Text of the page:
Rebecca Johnston, Mother Of Four Featured In Obama Infomercial, Is Headed To Boot Camp

Rebecca Johnston, Mother Of Four Featured In Obama Infomercial, Is Headed To Boot Camp

Rebecca Johnston, the mother of four featured in Barack Obama's 30-minute campaign infomercial last fall, will be shipping off to boot camp next Wednesday.

In the ad, Obama promised a "rescue plan for the middle class." But it hasn't come soon enough for the Johnstons of Kansas City, Mo., portrayed in the video as struggling to pay bills and cover the kids' expenses -- and having to put off knee surgery for Rebecca's husband, Brian, who worked in a tire-retreading factory.

Johnston, who does administrative work at Liberty Hospital, joined the Army Reserves in June to get some financial security for her family.

"My kids' ages range between 15 to 3," she told the Huffington Post in May, back when she was preparing to sign up. "At this point I look at it like I can't contribute anything to their college, I can barely make their health care costs, we're just skimming by paycheck to paycheck."

This time next week Johnston will be starting basic training at Fort Jackson, S.C., gaining health and educational benefits for her brood. It might not be the most fun for Johnston, who stands a little over five feet tall and will turn 35 in September. She'll be with a bunch of 19- and 20-year-olds.

"I just have to remember not to compare myself because I'm older and slower, and having four kids, my abs aren't the same," she said this week. "I heard it's pretty tough because the men don't appreciate training with the women...I've been warned by several sergeants that I'll probably be teased quite heavily."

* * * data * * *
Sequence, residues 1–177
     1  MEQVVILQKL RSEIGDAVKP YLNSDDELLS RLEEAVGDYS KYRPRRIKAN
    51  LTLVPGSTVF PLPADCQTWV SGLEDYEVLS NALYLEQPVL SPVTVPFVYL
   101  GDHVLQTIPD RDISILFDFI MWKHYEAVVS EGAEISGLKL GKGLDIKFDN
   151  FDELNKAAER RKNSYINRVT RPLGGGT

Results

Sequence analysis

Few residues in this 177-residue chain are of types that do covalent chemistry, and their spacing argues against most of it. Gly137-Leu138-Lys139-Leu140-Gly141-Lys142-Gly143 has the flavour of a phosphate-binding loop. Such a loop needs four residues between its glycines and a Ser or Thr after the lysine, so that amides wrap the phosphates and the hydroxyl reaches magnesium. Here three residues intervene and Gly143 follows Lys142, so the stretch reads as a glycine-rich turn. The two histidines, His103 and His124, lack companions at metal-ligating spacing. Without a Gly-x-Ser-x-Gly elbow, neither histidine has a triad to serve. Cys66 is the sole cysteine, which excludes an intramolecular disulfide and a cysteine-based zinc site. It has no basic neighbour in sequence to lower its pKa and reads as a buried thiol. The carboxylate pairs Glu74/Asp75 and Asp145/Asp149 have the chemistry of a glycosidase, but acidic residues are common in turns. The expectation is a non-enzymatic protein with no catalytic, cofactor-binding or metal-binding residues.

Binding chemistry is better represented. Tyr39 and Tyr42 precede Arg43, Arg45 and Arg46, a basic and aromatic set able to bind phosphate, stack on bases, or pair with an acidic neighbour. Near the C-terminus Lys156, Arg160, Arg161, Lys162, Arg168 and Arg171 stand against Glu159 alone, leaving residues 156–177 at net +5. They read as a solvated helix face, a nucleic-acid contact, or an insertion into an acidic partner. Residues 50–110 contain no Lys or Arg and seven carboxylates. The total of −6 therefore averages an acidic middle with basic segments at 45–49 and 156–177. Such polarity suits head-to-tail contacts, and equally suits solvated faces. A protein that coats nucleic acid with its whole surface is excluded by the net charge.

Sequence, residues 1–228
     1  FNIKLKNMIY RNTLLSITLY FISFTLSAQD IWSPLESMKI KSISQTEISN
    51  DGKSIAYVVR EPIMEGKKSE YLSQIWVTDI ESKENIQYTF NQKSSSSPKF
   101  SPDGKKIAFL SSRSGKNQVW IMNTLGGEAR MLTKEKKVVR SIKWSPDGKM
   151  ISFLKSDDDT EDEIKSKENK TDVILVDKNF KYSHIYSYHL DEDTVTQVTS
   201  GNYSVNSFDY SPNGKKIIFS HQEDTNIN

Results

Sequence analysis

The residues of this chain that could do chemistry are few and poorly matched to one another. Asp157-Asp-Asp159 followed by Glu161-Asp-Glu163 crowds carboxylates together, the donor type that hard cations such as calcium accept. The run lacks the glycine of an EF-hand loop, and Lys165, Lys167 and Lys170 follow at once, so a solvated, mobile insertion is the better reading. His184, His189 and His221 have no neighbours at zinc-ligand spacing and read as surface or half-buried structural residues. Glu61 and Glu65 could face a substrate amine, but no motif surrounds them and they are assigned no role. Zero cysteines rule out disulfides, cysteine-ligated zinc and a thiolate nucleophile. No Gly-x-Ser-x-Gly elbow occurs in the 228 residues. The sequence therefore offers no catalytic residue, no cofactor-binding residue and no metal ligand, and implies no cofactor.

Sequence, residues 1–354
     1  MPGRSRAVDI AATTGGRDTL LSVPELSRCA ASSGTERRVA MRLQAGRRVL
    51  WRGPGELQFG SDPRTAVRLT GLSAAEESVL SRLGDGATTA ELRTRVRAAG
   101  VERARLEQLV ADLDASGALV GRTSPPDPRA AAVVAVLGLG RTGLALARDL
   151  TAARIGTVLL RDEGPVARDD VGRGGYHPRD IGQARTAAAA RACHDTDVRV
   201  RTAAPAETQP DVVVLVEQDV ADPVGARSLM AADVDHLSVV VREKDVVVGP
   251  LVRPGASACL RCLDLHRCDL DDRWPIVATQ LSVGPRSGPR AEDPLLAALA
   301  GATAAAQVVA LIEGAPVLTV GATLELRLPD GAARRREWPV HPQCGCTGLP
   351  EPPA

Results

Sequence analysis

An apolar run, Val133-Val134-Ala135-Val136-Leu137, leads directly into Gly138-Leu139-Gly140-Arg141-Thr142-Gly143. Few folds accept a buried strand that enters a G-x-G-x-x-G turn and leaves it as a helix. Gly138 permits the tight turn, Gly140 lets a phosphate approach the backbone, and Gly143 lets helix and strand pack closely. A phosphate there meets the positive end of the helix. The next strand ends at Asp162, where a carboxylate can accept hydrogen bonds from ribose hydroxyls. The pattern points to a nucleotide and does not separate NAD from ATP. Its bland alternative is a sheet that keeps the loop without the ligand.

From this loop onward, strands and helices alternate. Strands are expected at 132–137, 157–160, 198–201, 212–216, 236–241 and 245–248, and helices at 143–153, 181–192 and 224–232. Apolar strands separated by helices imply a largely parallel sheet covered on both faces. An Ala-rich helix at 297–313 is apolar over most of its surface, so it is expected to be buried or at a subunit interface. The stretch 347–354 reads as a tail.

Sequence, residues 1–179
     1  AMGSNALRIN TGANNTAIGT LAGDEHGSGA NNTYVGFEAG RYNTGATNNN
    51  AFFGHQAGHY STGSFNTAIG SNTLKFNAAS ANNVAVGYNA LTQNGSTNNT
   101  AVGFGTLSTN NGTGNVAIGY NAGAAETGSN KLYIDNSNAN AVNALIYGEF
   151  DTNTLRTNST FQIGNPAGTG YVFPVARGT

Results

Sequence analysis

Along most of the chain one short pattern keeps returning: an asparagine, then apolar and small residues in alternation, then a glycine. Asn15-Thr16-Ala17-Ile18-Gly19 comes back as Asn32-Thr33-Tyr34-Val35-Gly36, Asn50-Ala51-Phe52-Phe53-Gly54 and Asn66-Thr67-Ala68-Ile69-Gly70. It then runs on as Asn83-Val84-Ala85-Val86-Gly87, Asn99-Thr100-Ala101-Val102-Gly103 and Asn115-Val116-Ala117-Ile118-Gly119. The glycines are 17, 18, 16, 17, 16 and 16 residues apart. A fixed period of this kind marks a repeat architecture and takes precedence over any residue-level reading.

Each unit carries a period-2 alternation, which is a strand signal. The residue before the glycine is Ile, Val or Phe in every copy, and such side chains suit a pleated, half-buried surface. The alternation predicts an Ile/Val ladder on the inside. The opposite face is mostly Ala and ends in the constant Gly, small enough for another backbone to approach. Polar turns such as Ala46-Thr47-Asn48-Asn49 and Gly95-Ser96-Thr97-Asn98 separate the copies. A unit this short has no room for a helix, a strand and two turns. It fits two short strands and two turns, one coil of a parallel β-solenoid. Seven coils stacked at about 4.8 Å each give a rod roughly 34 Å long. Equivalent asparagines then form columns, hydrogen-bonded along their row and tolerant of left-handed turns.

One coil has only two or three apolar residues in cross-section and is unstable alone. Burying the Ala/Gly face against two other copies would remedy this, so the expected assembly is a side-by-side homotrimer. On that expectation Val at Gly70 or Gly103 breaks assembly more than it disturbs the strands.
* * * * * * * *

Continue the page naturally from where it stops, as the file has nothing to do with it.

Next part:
Johnston said she went through some drills in June and July, got her uniform and learned a few things, like how to stand at attention. Basic training will finish up in November, at which point she'll go to Virginia for training in her specific job as a transportation management coordinator until February. After basic training, Johnston will face the prospect of a war-zone deployment every few years in a six-year commitment.

At first, Johnston said her parents disapproved of her plan. But, she said, "They've come around to appreciate what I'm doing and really see the effort I'm making."

It'll be her parents who watch the kids while she's gone; she said her enlistment, on top of their weak finances, put too much of a strain on her marriage, and she and Brian separated a few weeks ago. She said she's maintaining a positive and confident outlook for the sake of her kids.

"I tend to be the rock," she said. "I come from a long line of rocks."

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